Thanks to a question after class I can now relate some of the rather shocking treatments that were tried for Tuberculosis before antibiotics became available (basically before the 1950's).
When tuberculosis damages the lungs it can cause what are known as 'tuberculous cavities'. Doctors had observed that only those cavities which were closed healed. This formed the basis of surgical interventions that were tried on some, but not all, tuberculosis patients, particularly in the first half of the twentieth century. Collapsing the lung was thought to 'rest' the lung and also encourage healing by closing the tubercular cavities. Procedures included:
- Pneumothorax - deliberately introducing air into the pleural space to collapse the lung. The procedure would be repeated every few weeks.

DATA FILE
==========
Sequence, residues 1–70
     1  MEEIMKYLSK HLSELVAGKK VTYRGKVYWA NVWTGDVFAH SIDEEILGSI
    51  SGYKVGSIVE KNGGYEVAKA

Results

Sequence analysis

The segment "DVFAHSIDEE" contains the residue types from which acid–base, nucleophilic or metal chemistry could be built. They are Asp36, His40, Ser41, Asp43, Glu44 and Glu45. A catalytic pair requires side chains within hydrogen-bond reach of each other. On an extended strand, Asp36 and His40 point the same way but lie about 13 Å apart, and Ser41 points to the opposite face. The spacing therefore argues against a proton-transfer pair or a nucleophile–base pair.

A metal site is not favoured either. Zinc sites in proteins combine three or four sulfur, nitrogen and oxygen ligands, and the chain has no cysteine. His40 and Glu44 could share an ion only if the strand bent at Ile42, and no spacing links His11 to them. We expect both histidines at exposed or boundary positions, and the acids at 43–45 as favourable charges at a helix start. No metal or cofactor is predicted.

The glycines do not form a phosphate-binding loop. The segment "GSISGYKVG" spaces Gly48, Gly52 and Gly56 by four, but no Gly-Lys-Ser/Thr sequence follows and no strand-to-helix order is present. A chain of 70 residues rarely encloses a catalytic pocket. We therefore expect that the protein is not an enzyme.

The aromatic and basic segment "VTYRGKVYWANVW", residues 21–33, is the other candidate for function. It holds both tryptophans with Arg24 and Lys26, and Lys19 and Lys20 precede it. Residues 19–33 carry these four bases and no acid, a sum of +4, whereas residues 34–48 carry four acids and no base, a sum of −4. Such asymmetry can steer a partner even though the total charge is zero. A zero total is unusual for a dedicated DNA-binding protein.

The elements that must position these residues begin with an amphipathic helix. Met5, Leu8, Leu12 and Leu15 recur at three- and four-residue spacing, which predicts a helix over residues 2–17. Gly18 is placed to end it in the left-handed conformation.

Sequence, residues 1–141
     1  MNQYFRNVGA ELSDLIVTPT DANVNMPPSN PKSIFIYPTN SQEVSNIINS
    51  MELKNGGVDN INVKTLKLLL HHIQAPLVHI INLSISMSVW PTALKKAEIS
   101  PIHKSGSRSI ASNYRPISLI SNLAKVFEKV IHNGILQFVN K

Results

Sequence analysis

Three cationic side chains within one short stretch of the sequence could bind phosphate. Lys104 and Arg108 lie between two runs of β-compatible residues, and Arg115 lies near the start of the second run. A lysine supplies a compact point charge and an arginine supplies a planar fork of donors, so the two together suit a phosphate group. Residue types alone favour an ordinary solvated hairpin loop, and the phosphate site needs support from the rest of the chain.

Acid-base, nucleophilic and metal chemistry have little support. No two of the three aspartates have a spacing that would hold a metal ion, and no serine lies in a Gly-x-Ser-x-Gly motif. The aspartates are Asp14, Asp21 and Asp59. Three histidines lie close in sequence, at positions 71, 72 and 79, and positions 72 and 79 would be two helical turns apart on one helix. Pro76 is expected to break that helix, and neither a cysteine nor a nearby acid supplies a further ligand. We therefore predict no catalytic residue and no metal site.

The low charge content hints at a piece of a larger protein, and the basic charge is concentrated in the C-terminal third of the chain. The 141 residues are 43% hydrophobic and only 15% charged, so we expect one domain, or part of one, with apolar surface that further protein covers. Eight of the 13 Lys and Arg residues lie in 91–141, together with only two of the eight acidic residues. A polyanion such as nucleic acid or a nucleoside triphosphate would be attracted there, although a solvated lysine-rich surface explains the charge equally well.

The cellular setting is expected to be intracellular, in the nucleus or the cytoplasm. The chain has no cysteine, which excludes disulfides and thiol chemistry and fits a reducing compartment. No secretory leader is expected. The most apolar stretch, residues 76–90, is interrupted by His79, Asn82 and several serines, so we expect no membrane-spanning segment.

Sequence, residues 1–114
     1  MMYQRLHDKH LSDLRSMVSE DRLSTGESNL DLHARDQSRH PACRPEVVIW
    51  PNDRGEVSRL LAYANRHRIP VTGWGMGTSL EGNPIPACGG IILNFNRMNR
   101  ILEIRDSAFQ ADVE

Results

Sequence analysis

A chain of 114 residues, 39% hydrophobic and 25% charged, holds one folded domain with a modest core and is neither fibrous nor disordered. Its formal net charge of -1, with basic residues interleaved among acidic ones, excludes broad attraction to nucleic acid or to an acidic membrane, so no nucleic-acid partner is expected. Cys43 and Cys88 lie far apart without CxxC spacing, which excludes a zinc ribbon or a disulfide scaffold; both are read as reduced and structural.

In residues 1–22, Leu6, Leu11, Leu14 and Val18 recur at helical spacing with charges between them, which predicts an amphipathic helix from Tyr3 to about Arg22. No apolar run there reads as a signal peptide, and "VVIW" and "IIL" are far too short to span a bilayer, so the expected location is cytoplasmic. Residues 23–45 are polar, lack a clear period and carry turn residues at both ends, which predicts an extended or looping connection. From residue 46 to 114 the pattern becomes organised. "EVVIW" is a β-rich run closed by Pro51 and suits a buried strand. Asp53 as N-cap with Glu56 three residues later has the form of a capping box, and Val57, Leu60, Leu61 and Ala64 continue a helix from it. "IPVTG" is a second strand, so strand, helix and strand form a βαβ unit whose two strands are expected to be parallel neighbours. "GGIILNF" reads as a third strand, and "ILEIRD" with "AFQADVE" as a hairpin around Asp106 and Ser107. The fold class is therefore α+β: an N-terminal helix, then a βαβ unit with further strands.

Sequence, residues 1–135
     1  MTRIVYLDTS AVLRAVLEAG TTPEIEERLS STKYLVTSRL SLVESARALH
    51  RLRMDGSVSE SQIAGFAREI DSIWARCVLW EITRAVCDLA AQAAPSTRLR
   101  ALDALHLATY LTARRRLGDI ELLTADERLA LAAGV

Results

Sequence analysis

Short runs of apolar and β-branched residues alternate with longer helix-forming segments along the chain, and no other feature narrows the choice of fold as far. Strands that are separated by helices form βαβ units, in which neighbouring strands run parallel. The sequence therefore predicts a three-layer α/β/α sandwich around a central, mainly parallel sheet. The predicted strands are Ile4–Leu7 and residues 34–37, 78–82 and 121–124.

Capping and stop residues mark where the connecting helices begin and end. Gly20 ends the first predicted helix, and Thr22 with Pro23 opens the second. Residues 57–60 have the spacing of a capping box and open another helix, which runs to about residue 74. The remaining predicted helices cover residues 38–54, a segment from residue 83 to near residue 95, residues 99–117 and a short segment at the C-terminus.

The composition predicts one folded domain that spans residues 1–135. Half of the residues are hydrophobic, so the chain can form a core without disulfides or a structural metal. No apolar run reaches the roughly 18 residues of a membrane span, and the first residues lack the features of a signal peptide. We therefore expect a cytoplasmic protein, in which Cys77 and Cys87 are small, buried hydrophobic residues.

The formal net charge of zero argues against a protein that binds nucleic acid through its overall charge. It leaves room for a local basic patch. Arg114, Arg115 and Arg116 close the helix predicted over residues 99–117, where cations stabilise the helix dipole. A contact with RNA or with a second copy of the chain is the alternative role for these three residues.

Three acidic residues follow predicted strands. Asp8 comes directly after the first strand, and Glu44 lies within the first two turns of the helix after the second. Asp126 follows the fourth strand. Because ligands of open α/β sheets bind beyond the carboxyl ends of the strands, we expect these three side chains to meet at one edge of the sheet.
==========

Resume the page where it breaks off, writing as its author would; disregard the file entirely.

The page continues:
- Phrenic nerve crush - The phrenic nerve controlling the diaphragm was crushed to permanently paralyze the diaphragm on that side. The lung on that side would then collapse.
- Thoracoplasty - Six to eight ribs were broken and pushed into the thoracic cavity to collapse the lung.
Although these procedures may be considered barbaric by today's standards, it must be remembered that these treatments represented a potential cure for a disease that at the time had a mortality at least as bad as lung cancer today.
With a bit of searching I haven't been able to find much information on how effective such treatments were at actually 'curing' tuberculosis.